​​Red Nail Paint

See, I dressed up pretty today
I've got henna on my hands
Only on the outside though
I didn't put it up on the inside
I have to examine you

I wore red nail colour
The colour of blood
I imagine my hands looked pretty
Underneath the gloves
I mean, its Eid today

You, the one with a failing liver
Your father is busy right now
Outside the ED
Counting his savings
Fighting back tears of desperation
I can anticipate
He will come in shortly to discuss
Financial constraints
And with a heavy heart, I will
Type your leave against advice

You, the one with the SOL*
You bled in your brain
The color on my nails, remember
You came in interactive
Suddenly, now unresponsive
How do I save you?
Would the vent help?
No says PICU
Would decompressive craniotomy do?
No, says neurosurgery
Is there any other option
DNR**; says neuro-oncology
Your father is looking at me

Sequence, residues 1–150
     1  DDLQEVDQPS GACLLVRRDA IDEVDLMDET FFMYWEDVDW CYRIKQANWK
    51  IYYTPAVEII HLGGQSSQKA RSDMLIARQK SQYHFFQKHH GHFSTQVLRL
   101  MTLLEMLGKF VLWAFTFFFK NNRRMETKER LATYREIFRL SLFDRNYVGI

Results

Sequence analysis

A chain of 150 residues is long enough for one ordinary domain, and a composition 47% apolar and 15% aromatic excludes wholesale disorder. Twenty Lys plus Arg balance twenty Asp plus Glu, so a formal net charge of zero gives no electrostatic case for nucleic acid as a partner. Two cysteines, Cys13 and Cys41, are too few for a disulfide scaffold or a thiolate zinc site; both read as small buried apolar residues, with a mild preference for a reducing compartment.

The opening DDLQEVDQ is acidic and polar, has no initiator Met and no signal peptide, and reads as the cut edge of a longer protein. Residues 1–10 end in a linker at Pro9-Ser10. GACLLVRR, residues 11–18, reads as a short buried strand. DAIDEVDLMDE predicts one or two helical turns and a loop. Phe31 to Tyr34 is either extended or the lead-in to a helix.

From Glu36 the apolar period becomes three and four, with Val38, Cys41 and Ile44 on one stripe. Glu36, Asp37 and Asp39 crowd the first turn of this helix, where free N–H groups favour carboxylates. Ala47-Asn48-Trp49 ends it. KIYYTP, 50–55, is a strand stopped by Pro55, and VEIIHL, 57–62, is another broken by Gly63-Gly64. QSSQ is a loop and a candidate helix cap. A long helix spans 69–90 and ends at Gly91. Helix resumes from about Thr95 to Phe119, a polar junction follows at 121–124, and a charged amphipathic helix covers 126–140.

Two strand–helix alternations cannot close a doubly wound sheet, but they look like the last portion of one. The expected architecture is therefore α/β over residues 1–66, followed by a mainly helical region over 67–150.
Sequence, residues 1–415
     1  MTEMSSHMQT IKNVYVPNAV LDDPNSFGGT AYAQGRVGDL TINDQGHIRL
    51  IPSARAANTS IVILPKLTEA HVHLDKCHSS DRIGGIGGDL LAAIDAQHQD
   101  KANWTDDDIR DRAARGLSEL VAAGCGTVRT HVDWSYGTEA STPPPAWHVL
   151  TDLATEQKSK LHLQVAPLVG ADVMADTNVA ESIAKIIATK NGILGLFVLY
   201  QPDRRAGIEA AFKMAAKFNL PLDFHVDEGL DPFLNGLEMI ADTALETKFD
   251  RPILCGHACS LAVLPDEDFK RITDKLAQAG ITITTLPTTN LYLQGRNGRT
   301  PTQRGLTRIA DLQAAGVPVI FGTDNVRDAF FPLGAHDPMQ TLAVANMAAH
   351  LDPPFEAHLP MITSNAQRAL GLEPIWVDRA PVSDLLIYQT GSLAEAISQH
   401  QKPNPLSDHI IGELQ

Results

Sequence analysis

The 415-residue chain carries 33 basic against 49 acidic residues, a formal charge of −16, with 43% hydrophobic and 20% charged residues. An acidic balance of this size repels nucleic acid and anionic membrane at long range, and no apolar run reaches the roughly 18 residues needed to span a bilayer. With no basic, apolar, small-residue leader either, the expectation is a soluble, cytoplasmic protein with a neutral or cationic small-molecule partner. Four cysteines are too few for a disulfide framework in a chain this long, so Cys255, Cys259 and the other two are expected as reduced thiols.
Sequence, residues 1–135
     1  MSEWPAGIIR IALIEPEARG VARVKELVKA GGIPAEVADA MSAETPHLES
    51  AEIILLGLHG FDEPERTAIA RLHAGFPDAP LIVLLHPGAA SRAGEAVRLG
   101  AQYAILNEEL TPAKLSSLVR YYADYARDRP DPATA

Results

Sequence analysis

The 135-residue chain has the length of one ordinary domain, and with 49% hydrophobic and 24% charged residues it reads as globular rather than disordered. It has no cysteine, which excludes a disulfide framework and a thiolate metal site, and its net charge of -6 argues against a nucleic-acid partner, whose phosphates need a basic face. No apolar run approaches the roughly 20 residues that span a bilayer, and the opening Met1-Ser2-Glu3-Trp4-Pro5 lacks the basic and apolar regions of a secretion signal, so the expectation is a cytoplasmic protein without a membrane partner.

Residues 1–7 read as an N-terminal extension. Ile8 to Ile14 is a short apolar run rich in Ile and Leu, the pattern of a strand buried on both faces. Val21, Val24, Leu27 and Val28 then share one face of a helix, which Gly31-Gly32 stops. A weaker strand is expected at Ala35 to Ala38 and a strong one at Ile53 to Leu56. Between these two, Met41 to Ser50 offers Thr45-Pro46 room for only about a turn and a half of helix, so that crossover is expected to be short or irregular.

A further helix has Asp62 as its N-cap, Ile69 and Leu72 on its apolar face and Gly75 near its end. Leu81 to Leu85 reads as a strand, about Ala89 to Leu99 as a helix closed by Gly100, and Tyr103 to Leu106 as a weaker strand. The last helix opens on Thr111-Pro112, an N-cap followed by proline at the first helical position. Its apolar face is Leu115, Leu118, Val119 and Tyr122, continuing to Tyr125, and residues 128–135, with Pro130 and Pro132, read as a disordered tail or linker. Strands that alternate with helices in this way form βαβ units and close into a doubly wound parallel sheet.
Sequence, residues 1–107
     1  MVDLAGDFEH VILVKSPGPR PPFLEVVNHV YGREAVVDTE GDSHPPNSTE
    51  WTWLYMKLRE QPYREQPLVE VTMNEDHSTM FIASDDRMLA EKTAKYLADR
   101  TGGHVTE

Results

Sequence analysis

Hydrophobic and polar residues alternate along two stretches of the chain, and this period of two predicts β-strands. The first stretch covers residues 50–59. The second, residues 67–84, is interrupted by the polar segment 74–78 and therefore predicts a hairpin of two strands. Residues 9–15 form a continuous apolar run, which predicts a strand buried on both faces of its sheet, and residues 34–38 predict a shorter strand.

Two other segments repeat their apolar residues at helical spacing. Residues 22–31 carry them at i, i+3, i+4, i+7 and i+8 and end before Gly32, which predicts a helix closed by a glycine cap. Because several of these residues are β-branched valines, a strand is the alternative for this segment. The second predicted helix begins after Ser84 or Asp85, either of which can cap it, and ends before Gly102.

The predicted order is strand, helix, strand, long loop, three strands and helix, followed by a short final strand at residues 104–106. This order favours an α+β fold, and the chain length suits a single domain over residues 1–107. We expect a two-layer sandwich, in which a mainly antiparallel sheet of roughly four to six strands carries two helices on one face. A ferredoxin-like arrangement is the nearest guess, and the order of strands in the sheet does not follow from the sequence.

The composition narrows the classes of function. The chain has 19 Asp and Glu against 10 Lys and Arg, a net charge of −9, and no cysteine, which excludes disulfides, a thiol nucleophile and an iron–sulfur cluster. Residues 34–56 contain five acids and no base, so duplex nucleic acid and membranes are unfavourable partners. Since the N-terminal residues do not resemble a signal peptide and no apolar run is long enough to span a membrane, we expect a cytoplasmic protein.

With questions
My turn to fight back tears
As I break it down to him

Back home, they asked me
As a festive dinner was being served
Why did I leave half of my nails
Red looks good, they said

As clinicians, we are faced with decisions that make us question ethics, laws, morality, and
equality daily. But we have to rise above the injustice of it all and continue to do our thing. Does
that make us insensitive? Inhuman? Numb?
Eid, this year, will be spent warding off any such notions, trying to unsuccessfully desensitize,
to avoid being overwhelmed and lose focus. It will be harder than ever given the unforgiving
And as always, I will find myself questioning, how do we all manage to get through our days
without breaking down every time?
Alhamdulillah for where each one of us is today. To me, today and every other day, there's nothing
else I'd rather be doing.

* SOL - space-occupying lesion 
** DNR - do not resuscitate 

Repost from https://areebasultan.wordpress.com/
Published in the Oncology Times journal by Wolters Kluwer​

DISCLAIMER: Copyright belongs to the author. This blog cannot be held responsible for events bearing overt resemblance to any actual occurrences. The views expressed do not necessarily reflect the views and policies of CCIT or AKU​

About the Author

Harbouring a love for language, Areeba believes in words as being the surest means of expression. A pediatrician by profession, she enjoys reading and writing whenever time allows. Her experiences as a resident doctor have played a big role in her writing, which can be found on her blog on wordpress.